Up to 98% of patients with untreated Wilson disease who present with neurologic symptoms have Kayser-Fleischer rings. Approximately 50% of patients with a hepatic form of Wilson disease present with Kayser-Fleischer rings, although some studies have described higher rates (93%) among patients with primarily hepatic manifestations.2,3,6
Kayser-Fleischer rings are yellowish, greenish-gold, or brownish rings surrounding the iris that are caused by the deposition of copper in the Descemet membrane in the limbus of the cornea.2,3 These ophthalmic features are often visible to the naked eye, but in some cases, a slit-lamp examination or gonioscopy may be necessary to identify them.2
Less frequently, sunflower cataracts occur, also visible on slit-lamp examination with particular attention given to lens transparency. Sunflower cataracts are thin, centralized opacifications arranged in ray-like formations that are located directly under the anterior capsule of the eye.2,7
Some patients with Wilson disease present with musculoskeletal abnormalities, such as osteoporosis, osteomalacia, rickets, polyarthritis, and a history of spontaneous fractures. More than half of patients with Wilson disease present with osteopenia on conventional bone density scans.2
Approximately 20% to 50% of patients with Wilson disease present with arthropathy in multiple joints; this often resembles premature osteoarthritis, which typically occurs after age 20. Frequently involved joints include the spine, hips, knees, and wrists. Progressive joint degeneration also manifests as osteochondritis dissecans, chondromalacia patellae, and chrondrocalcinosis.2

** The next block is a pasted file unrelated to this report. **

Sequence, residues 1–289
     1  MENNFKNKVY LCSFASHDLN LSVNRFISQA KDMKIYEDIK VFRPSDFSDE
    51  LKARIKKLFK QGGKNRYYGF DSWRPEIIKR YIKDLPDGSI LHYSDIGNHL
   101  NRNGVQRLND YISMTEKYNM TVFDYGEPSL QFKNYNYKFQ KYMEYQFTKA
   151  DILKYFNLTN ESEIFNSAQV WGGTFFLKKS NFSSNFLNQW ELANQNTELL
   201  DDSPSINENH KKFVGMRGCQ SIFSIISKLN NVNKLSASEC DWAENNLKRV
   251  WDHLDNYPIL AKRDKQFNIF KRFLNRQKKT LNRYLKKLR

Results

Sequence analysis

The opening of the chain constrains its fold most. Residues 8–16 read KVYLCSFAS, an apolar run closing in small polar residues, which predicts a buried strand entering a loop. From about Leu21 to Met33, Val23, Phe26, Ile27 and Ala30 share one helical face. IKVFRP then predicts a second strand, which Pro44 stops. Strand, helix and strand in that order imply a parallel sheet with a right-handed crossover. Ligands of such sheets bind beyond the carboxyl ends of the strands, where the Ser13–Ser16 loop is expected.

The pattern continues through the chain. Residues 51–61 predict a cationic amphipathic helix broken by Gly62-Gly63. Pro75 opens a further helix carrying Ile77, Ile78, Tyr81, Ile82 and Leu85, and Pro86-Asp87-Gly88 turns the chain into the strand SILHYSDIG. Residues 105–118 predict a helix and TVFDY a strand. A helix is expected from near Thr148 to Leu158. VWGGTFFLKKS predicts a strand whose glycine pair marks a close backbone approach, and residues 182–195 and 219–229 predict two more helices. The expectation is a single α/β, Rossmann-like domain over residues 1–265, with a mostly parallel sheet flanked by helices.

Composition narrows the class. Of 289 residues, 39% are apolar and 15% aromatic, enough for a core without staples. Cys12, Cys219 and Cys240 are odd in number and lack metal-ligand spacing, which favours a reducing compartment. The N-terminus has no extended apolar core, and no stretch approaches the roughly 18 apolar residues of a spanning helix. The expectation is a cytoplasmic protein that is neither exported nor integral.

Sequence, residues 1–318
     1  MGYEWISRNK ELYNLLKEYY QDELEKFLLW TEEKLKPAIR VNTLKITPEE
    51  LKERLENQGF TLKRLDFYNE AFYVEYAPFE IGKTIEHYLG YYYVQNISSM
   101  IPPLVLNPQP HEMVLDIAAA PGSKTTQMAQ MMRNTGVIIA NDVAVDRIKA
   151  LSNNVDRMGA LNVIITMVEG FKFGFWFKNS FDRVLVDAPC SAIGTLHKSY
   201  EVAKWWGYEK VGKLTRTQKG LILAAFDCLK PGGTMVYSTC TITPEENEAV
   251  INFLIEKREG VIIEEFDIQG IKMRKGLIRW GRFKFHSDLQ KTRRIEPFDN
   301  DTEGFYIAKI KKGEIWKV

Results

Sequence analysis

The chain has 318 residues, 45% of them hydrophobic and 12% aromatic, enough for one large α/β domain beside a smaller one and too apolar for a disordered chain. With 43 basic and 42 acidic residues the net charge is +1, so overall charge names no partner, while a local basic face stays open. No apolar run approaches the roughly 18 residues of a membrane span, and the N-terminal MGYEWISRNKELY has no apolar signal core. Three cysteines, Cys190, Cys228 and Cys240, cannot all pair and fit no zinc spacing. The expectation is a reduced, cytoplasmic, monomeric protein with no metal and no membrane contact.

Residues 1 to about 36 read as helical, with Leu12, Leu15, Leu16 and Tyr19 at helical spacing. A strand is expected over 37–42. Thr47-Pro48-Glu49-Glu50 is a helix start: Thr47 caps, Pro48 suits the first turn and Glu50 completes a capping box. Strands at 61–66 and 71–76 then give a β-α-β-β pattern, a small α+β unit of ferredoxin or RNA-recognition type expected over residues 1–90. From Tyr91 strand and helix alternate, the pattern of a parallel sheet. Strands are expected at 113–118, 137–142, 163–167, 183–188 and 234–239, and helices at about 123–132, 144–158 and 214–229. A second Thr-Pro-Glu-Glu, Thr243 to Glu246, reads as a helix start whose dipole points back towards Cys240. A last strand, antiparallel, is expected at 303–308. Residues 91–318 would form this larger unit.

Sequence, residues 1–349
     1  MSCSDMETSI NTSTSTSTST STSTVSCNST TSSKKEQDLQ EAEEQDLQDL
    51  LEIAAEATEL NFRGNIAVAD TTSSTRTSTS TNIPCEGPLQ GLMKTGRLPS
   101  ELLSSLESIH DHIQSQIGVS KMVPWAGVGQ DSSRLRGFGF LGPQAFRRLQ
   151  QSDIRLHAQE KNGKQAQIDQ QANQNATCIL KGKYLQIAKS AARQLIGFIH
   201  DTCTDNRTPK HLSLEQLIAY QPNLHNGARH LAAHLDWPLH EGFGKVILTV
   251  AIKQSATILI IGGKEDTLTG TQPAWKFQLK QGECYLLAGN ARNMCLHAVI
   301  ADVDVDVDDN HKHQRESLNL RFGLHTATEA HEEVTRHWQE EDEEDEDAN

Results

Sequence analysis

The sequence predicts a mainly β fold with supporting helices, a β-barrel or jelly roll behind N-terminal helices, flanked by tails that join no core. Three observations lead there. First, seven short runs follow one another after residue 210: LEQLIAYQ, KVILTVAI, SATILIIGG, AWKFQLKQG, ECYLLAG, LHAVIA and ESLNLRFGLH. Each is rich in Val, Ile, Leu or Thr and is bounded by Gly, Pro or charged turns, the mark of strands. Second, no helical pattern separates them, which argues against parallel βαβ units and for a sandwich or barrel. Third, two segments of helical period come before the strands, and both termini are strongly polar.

Coombs-negative hemolytic anemia develops in approximately 10% to 15% of patients with Wilson disease. Younger patients with acute liver failure often present with concomitant Coombs-negative hemolytic anemia. Oxidative damage due to excess copper deposition in erythrocytes causes premature lysis of the red blood cells and may progress to hemolytic crisis.2,3
Renal clinical features include urolithiasis, proteinuria, peptiduria, renal tubular acidosis (including Fanconi syndrome), and symptoms of proximal or distal tubular dysfunction, such as loss of bicarbonate and potassium, hyperuricosuria, glucosuria, hypercalciuria, hyperphosphaturia, and amido-aciduria. Damage to the kidneys can result from excessive copper excretion.2,3
Approximately 16% of patients with Wilson disease have urolithiasis secondary to hypercalciuria or poor acidification. Both the disease process and the adverse effects of treatment with d-penicillamine may cause hematuria, nephrocalcinosis, proteinuria, and peptiduria.2
- Wilson disease. Medline Plus. Accessed September 13, 2022.
- Gilroy, RK. Wilson disease clinical presentation. Updated February 14, 2019. Accessed September 13, 2022.
- Stremmel W, Merle U, Weiskirchen R. Clinical features of Wilson disease. Ann Transl Med. 2019;7(Suppl 2):S61. doi:10.21037/atm.2019.01.20
- Wilson’s disease – symptoms and causes. Mayo Clinic. Accessed September 13, 2022.
- Schilsky ML. Wilson disease: clinical manifestations, diagnosis, and natural history. UpToDate. Accessed September 13, 2022.
- Lin LJ, Wang DX, Ding NN, Lin Y, Jin Y, Zheng CQ. Comprehensive analysis on clinical features of Wilson’s disease: an experience over 28 years with 133 cases. Neurol Res. 2014;36(2):157-163. doi:10.1179/1743132813Y.0000000262
- Langwińska-Wośko E, Litwin T, Dzieżyc K, Członkowska A. The sunflower cataract in Wilson’s disease: pathognomonic sign or rare finding? Acta Neurol Belg. 2016;116:325-328. doi:10.1007/s13760-015-0566-1
Reviewed by Hashi Dhingra, MD, on 9/22/2022.